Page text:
Obama Warns Sens. McCain & Graham to Back Off Attacks on Rice

By Pete Winn | November 14, 2012 | 2:37 PM EST

U.S. Ambassador to the United Nations Susan Rice speaks to her French counterpart, Gerard Araud, at the U.N. General Assembly during the election of 18 new members of the Human Rights Council, on Monday, November 12, 2012 (U.N. Photo by Rick Bajornas)

(CNSNews.com) - President Obama told Sens. John McCain (R-Ariz.) and Lindsey Graham (R-S.C.) Wednesday to back off their attacks against U.S. Ambassador to the United Nations Susan Rice.

“If Sen. McCain and Sen. Graham want to go after somebody, they should go after me,” Obama said.

At his first news conference in eight months, Obama was asked: “Sen. John McCain and Sen. Lindsey Graham both said today that they want to have Watergate-style hearing d on the attack on the U.S. consulate in Benghazi and said that if you nominate Susan Rice to be Sec. of State they will do everything in their power to block her nomination.  As Senator Graham said, he simply doesn’t trust Ambassador Rice after what she said about Benghazi. I’d like your reaction to that and would those threats deter you from making a nomination like that?”

Obama replied: “Let me say specifically about Susan Rice: she has done exemplary work.

“She has represented the United States and our interests in the United Nations with skill and professionalism and toughness and grace,” he said.

“As I’ve said before, she made an appearance at the request of the White House in which she gave her best understanding of the intelligence that had been provided to her,” Obama said.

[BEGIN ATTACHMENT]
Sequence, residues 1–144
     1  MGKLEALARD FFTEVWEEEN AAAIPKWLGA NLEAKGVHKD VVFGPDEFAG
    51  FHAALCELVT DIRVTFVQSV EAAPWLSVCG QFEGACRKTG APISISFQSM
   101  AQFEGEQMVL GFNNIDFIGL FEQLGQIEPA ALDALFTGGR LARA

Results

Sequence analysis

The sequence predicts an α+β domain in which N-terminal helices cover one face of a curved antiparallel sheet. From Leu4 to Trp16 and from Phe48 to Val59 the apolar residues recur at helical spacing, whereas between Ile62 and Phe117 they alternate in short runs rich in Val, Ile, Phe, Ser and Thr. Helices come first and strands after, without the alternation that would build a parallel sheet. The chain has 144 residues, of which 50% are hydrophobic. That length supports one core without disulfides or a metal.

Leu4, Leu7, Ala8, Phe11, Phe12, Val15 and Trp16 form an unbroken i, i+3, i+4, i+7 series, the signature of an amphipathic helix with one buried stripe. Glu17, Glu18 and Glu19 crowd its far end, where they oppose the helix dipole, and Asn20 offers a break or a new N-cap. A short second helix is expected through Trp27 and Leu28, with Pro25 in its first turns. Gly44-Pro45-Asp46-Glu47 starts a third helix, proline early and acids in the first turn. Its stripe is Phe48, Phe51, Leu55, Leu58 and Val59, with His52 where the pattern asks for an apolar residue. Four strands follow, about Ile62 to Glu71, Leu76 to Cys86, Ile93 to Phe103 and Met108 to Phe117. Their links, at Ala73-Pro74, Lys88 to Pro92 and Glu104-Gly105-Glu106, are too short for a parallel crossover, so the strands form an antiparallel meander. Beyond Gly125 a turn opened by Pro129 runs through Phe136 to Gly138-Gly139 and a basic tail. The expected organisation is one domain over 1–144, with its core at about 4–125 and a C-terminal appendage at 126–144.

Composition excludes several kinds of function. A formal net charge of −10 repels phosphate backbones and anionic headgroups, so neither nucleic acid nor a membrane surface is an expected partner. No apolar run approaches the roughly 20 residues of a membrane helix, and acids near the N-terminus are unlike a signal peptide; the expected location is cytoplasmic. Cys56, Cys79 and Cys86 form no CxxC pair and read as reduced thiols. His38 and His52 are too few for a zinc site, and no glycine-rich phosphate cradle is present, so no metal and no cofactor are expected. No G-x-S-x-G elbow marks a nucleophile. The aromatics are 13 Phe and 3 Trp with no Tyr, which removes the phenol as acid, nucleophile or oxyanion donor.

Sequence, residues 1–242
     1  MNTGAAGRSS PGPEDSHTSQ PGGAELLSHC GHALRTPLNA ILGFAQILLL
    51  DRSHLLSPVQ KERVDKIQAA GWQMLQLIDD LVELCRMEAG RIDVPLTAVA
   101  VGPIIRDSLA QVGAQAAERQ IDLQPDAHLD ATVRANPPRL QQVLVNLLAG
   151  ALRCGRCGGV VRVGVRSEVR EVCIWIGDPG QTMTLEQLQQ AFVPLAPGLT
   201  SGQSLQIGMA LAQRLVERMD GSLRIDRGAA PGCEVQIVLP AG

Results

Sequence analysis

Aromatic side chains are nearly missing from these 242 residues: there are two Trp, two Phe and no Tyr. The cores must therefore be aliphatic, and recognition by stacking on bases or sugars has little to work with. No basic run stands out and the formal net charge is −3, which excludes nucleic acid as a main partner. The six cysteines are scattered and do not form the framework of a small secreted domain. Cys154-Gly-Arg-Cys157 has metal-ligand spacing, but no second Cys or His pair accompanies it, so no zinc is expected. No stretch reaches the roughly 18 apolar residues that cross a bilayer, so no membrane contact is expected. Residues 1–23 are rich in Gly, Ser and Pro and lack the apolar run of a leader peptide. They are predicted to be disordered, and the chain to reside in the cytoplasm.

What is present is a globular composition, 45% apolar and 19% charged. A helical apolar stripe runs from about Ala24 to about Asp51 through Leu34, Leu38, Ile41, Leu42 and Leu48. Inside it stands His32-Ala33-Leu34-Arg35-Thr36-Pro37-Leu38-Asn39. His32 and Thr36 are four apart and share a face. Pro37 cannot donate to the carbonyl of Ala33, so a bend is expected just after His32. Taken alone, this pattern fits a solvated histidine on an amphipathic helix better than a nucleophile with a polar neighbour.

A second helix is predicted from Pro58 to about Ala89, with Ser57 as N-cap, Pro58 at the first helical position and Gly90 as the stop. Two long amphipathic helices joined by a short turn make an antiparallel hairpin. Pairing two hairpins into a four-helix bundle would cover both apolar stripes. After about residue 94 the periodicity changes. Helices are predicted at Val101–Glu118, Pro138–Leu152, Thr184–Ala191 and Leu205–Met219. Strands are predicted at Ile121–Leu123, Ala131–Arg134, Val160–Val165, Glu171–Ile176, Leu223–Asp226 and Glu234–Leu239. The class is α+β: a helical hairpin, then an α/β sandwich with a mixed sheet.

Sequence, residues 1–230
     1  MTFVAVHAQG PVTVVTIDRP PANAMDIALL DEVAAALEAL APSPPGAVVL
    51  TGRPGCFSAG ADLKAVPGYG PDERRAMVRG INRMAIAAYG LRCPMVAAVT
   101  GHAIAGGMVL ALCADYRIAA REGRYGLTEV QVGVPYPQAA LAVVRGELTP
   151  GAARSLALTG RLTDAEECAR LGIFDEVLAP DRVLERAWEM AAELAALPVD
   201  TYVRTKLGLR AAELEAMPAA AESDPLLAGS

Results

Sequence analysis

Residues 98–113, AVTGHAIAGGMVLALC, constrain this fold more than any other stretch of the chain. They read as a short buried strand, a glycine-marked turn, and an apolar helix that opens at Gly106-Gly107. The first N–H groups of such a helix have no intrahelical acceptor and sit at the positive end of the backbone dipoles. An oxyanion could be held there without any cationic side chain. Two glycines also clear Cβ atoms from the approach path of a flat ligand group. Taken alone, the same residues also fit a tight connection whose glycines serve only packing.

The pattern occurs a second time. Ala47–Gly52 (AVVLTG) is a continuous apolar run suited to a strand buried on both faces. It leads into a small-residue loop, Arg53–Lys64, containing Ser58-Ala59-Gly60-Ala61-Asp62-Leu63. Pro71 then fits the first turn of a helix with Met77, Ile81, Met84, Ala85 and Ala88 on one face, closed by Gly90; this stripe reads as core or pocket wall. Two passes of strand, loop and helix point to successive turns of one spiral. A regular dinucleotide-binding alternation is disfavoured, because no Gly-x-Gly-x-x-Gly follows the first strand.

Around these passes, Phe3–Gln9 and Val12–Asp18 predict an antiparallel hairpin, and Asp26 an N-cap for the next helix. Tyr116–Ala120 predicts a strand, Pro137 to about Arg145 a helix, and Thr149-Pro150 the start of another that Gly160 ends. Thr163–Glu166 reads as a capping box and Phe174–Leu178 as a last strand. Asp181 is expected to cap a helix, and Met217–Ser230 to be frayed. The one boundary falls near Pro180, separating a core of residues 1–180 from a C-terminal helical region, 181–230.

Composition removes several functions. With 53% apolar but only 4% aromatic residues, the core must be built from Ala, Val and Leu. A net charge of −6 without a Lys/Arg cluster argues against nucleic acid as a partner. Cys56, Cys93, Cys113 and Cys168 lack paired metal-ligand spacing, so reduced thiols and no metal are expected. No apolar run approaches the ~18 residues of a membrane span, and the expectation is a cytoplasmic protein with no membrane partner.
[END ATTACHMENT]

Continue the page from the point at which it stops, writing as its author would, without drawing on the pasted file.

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“If Senator McCain and Senator Graham and others want to go after somebody, they should go after me. And I'm happy to have that discussion with them.

“But for them to go after the U.N. ambassador, who had nothing to do with Benghazi and was simply making a presentation based on intelligence that she had received, and besmirch her reputation, is outrageous.”

Rice is reportedly on the short list to be nominated to replace Hillary Rodham Clinton as Secretary of State.

She stirred up controversy when she told a series of Sunday talk shows on Sept. 16 that the attack on the U.S. consulate in Benghazi, Libya, five days earlier had been a  “spontaneous reaction” to an online video clip denigrating the Prophet Mohammed.

U.S. Ambassador Chris Stevens and three other Americans were killed in the attack, which was subsequently dubbed a terrorist attack.

Immediately after the statement, Senator Lindsey Graham tweeted: “Mr. President, don’t think for one minute I don’t hold you ultimately responsible for #Benghazi.”

On Sunday, on CBS “Face the Nation,” Graham said: “I think Susan Rice would have an incredibly difficult time getting through the Senate. I would not vote for her unless there’s a tremendous opening up of information explaining herself [on Benghazi] in a way she has not yet done.”

McCain said Wednesday that he “will do everything in my power to block her from being the United States Secretary of State.”

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